Monday, 24 February 2014

Mutiny against injustice

In September 1931 the crews of the Royal Navy Atlantic Fleet mutinied. So serious was this that the Cabinet of the National [Coalition] Government even considered shelling the moored ships. So damaging to the country's reputation was this that Britain was forced off the Gold Standard; yet this episode, a capital offence, was settled and hushed up without even a Court Martial or Commission of Enquiry. How could this come about?

In May of that year there was a worldwide banking crisis, which led to large-scale selling of sterling. To defend the pound, foreign banks demanded that UK's budget deficit be eliminated, meaning a saving of £120m in the coming year, equal to more than half of Government civil spending; and more than the budgets for the police and armed forces combined. It was decided by Chancellor Snowden [Lab!] that tax rises should account for £24m of this sum; and expenditure cuts for the balance, £64m from cutting unemployment pay. In other words, the poorest were to pay. The Admiralty, led by Austen Chamberlain [Con], would bear its share too, by a series of cuts, again affecting most seriously the lowest paid ratings most. Cuts of £1 per day were to be made with immediate effect, across all non-commissioned ranks. This had the effect of a 25% cut for the lowest paid. As the Daily Herald described affairs: "This is not patriotism but acceptance of the dictatorship not even of a British bank but of international finance..... It is not a people's Government but a bankers' Government.... part of the price for saving the pound is to be paid by the very poorest people in this country."

As word of this spread from ship to ship gathered for exercises in Invergordon Bay, crews refused to work. The officers aboard had some sympathy for the men but "the sudden realisation that discipline and authority depended on consent had shattered and cracked the solid ground on which they stood." The mutiny shocked and left paralysed the Government and even the King, who was very Navy-minded.  Instead of resorting to the historic model for treatment of mutineers - capital punishment - or to force, to overcome it, they crumbled. "The mutiny ended with the Government agreeing that sympathetic treatment should be given to hardship cases" - in other words, it backed down in face of withdrawal of labour.

This story is rarely retold but can be read in full in the source for these quotations, "The Invergordon Mutiny" by Alan Ereira, [1981 Routledge & Keegan Paul] It is surely worth reading today. Need I say more?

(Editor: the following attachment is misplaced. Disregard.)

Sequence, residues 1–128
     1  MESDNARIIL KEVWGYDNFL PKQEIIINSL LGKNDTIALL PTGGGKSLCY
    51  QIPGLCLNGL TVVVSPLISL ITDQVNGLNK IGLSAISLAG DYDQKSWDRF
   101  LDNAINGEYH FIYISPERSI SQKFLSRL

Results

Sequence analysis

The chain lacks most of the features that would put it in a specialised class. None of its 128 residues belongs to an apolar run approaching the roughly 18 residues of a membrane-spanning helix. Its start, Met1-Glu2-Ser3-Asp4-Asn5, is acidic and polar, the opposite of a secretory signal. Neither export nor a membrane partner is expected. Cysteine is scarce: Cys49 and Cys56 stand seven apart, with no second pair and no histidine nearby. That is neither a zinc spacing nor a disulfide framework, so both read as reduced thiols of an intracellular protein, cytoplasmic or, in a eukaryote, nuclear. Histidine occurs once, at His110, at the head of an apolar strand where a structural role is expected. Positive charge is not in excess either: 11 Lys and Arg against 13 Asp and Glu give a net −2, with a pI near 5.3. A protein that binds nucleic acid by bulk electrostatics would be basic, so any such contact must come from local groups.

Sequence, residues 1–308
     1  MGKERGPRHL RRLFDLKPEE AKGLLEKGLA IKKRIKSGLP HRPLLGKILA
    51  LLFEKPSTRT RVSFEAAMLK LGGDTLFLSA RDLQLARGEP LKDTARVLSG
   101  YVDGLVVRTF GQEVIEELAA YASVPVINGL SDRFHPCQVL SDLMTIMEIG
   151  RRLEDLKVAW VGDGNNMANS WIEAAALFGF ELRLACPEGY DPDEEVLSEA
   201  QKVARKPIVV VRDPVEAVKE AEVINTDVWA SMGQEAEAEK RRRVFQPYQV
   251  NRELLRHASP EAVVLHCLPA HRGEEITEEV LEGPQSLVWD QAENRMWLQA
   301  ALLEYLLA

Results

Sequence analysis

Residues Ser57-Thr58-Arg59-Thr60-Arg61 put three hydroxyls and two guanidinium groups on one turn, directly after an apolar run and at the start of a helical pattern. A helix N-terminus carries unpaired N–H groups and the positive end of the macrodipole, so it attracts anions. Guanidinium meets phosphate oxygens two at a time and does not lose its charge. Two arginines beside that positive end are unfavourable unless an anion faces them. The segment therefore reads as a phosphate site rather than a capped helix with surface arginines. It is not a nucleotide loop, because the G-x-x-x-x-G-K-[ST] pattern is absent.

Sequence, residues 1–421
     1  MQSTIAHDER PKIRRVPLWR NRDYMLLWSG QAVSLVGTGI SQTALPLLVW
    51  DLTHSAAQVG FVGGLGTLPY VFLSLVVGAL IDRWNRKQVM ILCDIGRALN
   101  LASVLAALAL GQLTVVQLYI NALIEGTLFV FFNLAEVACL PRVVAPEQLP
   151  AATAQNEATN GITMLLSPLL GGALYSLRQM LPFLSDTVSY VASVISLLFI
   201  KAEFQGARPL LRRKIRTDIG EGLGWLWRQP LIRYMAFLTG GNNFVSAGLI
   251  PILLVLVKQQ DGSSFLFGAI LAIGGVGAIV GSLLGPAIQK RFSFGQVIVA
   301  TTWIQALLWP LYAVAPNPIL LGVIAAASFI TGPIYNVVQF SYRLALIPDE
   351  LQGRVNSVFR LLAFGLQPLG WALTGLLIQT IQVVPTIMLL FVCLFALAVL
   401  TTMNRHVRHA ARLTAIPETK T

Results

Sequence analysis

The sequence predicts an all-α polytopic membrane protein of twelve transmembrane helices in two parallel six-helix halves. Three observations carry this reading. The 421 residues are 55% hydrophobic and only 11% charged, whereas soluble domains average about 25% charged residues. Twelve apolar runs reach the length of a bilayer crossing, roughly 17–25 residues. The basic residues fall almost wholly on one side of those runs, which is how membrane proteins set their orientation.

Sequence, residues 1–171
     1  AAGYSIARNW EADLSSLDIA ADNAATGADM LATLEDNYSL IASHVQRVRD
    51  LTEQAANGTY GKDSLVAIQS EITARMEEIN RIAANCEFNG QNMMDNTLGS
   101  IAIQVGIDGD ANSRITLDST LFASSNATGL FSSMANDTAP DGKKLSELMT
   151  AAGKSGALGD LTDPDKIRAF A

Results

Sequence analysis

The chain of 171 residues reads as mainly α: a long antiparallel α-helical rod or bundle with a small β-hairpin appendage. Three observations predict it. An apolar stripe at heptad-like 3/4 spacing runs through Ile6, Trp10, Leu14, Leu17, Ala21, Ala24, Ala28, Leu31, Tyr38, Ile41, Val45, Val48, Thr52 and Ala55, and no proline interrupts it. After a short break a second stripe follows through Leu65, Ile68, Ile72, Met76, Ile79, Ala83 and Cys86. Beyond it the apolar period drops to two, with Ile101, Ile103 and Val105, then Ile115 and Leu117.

Monday, 17 February 2014

Migration as economics

Say “immigration” and the conversation will be about “how many?” Say “migration” and a natural ebb and flow of humanity is depicted, within as well as to and from a country. Say “economics” and immigration falls into its proper place as a cog in the machine, creating and responding to economic and social conditions.

Without injection of new capacity, skills and diversity to our economy, our home-grown demographics will lack the ability to grow the economy, to service pension commitments and to fulfil functions essential to the smooth running of the economy. How would today’s UK function without the contributions of care and health professional, independent retailers and agricultural workers, to say nothing of academics and entrepreneurs of first and second generation immigrant origin? UK needs to look an attractive destination where skills can be employed.

Labour should never be the party to demonise this transfusion; but it can and should ensure that the right parameters apply. Labour’s value of long-termism should be applied to a vision of what sort of country we want, in terms of population size, diversity and qualifications. The demise of trade and industry councils on whose advice sectoral skills requirements could be identified has left the recruitment of the skills needed for our future economy, be these from home-grown or imported talent rudderless. Whilst we must continue to welcome incomers on humanitarian grounds, we should set out our recruitment stall in the EU in particular, and help those who may consider migration to decide if they may expect find a welcome and a job here. UK should not seek the skills of those whose capabilities are more important to their country of origin. This may suggest that working in and with source countries to educate and develop a future workforce meeting UK as well as domestic needs could become an important role for DFID/FCO.

We do not need money launderers or the mega-rich who merely extract wealth from our nation. All incomers should expect to pay taxes just as any indigenous citizen would, including on assets which are not working for the economy. We have to form a view on the demand for lower wage workers in sectors such as agriculture; and how this draws migrants in. Raising and policing minimum wages may encourage more uptake of such work by indigenous workers but equally attract more incomers.